The potential of remittance-linked insurance products in sub-Saharan Africa

The potential of remittance-linked insurance products in sub-Saharan Africa

31 March, 2021    

Exploring the potential of remittance-linked insurance products to improve the resilience of households in sub-Saharan Africa (SSA) 

Remittances are particularly important on the continent and serve as a lifeline to many households. Yet insurance products that enable the sustained flow of remittances or the resilience of senders and receivers remain unexplored in SSA.  Both remittance senders and receivers face unexpected risk events that have negative effects on their livelihoods: 

  • Sender risk events: Senders may no longer being able to send remittances when they are faced with unexpected risk events such as death, disability, accident or illness. Exposure to risk events is exacerbated by the fact that many migrants work in the informal sector and are unable to access basic safety nets. Senders also face income shocks when remittance receivers face a risk event that has a large financial implication and requires senders to send additional money to receivers to cover the financial cost of the risk event. These types of events are unplanned and therefore put additional financial strain on remittance senders. 
  • Receiver risk events: Remittance receivers face shocks to their disposable income due to health, life, asset or business-related risks, which in turn negatively affect their ability to maintain their livelihoods. When this happens, receivers require greater support from remittance senders. Additionally, receivers also face reduced income if senders face shocks and are unable to send money to them. This could be shocks to the sender such as health or business risks, but also more severe risk events like disability or death.  

However, both senders and receivers often do not employ appropriate coping mechanisms to manage these risk events. Distributing insurance through remittance service providers (RSPs), e.g. remittance-linked insurance products, has the potential to build resilience by unlocking greater formal remittance flows to SSA, as well as by increasing insurance uptake to help close the risk protection gap. Transferring risk to an insurer will enable the continued flow of remittances despite senders facing a risk event. Consequently, the welfare of the remittance receivers, who are often highly dependent on remittances for their livelihoods, is protected by ensuring that remittance flows are sustained despite risk events faced by senders. Insurance can also help to smooth the financial burden on senders when remittance receivers incur a shock and require senders to help tide them over.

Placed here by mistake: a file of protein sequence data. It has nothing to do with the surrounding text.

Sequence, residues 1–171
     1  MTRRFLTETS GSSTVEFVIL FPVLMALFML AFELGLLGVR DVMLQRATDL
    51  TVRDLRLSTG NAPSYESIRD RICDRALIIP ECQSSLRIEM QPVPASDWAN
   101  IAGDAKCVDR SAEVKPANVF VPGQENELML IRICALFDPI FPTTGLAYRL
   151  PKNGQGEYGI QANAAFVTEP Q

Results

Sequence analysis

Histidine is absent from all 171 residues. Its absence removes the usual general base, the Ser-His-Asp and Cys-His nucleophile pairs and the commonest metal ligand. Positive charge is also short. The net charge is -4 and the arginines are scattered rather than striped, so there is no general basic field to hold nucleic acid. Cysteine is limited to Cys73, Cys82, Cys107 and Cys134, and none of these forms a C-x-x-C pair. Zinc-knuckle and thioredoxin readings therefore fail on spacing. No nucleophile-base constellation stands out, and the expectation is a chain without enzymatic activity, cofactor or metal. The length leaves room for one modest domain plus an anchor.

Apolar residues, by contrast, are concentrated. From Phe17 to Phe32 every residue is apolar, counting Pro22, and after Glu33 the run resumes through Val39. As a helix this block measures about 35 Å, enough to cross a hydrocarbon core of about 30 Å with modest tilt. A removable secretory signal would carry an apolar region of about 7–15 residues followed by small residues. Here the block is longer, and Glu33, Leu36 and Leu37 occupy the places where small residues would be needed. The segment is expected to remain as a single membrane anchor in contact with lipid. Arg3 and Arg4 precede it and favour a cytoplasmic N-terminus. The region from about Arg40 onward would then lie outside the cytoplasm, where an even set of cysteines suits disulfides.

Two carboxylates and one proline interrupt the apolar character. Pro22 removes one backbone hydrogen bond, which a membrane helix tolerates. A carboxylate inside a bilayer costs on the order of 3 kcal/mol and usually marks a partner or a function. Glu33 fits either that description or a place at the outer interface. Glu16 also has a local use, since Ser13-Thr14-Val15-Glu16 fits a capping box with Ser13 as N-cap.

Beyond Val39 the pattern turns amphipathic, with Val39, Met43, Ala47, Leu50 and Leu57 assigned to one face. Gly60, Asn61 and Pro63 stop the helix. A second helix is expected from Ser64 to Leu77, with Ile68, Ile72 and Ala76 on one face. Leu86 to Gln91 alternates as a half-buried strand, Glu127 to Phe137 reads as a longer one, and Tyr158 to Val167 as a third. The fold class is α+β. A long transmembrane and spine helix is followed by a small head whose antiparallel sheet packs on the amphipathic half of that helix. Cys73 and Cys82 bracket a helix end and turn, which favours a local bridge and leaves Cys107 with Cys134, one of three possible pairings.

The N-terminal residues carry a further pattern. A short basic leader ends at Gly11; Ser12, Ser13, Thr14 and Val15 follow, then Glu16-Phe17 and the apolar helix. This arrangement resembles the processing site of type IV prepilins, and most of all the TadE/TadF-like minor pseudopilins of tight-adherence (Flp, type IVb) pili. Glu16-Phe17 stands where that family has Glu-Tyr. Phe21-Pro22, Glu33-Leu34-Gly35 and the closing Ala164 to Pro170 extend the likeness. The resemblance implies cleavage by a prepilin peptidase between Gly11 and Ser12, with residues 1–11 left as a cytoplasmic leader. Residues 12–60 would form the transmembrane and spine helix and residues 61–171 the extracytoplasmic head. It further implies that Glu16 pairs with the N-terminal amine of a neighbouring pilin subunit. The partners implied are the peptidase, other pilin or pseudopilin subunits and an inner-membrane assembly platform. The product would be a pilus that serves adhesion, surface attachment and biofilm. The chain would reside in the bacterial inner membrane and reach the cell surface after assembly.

This note outlines why remittance-linked insurance products are important, what forms they could take, the business case for such products and the regulatory challenges that still need to be overcome to enable the introduction of such products on the continent.  

Download the report (EN) Size 1.15 MB
Télécharger le rapport (FR) Size 1.55 MB

Despite significant need and opportunity for remittance-linked insurance products, remittance-linked insurance products remain limited globally, and mostly unexplored in SSA. This is due to four major challenges: partnership complexity, regulatory uncertainty, grey areas and barriers.

From engagement with insurers and RSPs, regulatory uncertainties and concerns have been cited as the key barrier to unlocking remittance-linked insurance products. Thus, in addition to the report, the linked regulatory feasibility assessments unpack the key regulatory considerations in four different corridors. The assessments also highlight the viability of introducing remittance-linked insurance products in each corridor.

South Africa to Zimbabwe Size 2.20 MB
South Africa to Nigeria Size 2.17 MB
United Kingdom to Nigeria Size 2.14 MB
France to Côte d’Ivoire Size 2.14 MB

Disclaimer: The regulatory assessments conducted for the purposes of this research do not constitute formal legal opinions. Rather, the purpose of the regulatory assessments was to identify potential regulatory barriers and grey areas to implementing remittance-linked insurance products in these corridors.

This work forms part of the Risk, Remittances and Integrity programme, a partnership between FSD Africa and Cenfri.

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